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NO MARK UPON HER
by Deborah Crombie
William Morrow, February 2012
384 pages
$25.99
ISBN: 0061990612


Buy in the UK | Buy in Canada

Rebecca "Becca" Meredith is a hard-charging detective chief inspector who is also an accomplished rower. Although she is older than is optimal, she has begun rigorous training to qualify for the Olympics. When she doesn't return from an evening practice, her ex-husband, Freddie Atterton, reports her missing. Shortly thereafter, her boat is found capsized with evidence of foul play. A local search-and-rescue team using specially trained dogs is deployed and eventually finds Becca's body. One of the team members, Kieran Connolly, has a strong reaction to the discovery; as it turns out, he had a personal connection to Becca.

Scotland Yard superintendent Duncan Kincaid is called upon to conduct the investigation. Normally, someone of his rank would not be asked to take the lead in such a case; however, given Becca's high standing within the police, a senior officer needs to take charge to ensure all the bases are covered. Becca was a driven woman who didn't suffer fools gladly. There are several people who might have had reason to kill her, including her ex-husband, her rowing coach, a coworker whom she threatened and a strange man seen near the river when Becca drowned. When one of the rescue team's members is threatened, the scope of the investigation broadens. Kincaid's wife, who is a detective inspector, ultimately uncovers some key evidence that leads to the revelation of the killer.

As always, Crombie does a fine job with the procedural aspects of the investigation with a complex plot providing many fascinating byways. There's a lot of information about competitive rowing that adds interest. The characterization is intriguing, most especially the portrayal of Connolly, an ex soldier with severe vertigo issues and the presumed killer, a high ranking police officer named Angus Craig. However, I felt that Kincaid was far too hasty in jumping to conclusions about who the killer might be. The narrative was written in such a way that his view was supported without leaving much room for any other suspect; it just seemed so obvious that Craig was at fault. There was a lot of unwarranted speculation about his motivation and what he allegedly did, which I found heavy handed.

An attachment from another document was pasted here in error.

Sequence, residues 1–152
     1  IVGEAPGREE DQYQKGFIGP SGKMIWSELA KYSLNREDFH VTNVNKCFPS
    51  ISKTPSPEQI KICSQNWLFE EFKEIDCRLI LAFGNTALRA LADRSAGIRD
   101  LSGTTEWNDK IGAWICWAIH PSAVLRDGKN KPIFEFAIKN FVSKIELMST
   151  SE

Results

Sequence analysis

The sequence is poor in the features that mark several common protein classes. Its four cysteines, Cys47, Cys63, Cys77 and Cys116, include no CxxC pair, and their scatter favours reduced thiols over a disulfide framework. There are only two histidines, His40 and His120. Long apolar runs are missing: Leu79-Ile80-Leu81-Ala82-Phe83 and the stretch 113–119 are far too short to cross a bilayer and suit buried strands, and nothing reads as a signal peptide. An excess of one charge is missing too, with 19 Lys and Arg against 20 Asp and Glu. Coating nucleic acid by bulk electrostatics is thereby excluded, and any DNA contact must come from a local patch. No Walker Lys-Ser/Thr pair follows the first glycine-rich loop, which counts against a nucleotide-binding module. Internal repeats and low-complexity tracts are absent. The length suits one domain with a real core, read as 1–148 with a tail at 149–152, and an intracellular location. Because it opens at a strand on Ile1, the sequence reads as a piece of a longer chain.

In a departure from the typical procedural, Crombie spends quite a bit of time (perhaps a bit too much) developing the personal lives of the protagonists and shows the difficulties of family life in a dual-career household. Duncan's 14-year-old son, Kim, and Gemma's 6-year-old son, Toby, have been joined by a 4-year-old foster child, Charlotte, who is in the process of joining the family. In addition to the fact that she is black, she has intimacy issues. At the moment, Gemma's leave is about to end and she is returning to work. Meanwhile, Duncan has paternity leave planned in order to continue to care for Charlotte. It's interesting to imagine what life will be like with Kincaid in charge of the home front!

I missed having Kincaid and James work closely together on the case. The book concludes with Gemma pursuing an entirely new direction, and that makes me wonder about the future of their professional partnership and whether they will be engaging in more solo efforts.

Formerly a training development manager for a large company, Maddy is now retired and continues to enable the addiction of crime fiction fans as owner of the online discussion group, 4 Mystery Addicts(4MA), while avidly reading in every possible free moment herself.

Reviewed by Maddy Van Hertbruggen, March 2012

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Contact: Yvonne Klein (ymk@reviewingtheevidence.com)


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